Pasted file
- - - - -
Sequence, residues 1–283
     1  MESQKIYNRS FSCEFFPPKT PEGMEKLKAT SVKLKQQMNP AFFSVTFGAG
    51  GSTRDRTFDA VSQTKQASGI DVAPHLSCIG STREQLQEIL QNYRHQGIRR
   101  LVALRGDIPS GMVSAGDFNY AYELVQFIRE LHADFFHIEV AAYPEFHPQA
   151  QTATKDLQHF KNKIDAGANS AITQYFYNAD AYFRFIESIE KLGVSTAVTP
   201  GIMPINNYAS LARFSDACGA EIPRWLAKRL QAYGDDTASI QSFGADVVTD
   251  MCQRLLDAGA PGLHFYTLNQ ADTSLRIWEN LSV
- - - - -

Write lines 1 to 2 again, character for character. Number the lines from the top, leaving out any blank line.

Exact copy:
Sequence, residues 1–283
     1  MESQKIYNRS FSCEFFPPKT PEGMEKLKAT SVKLKQQMNP AFFSVTFGAG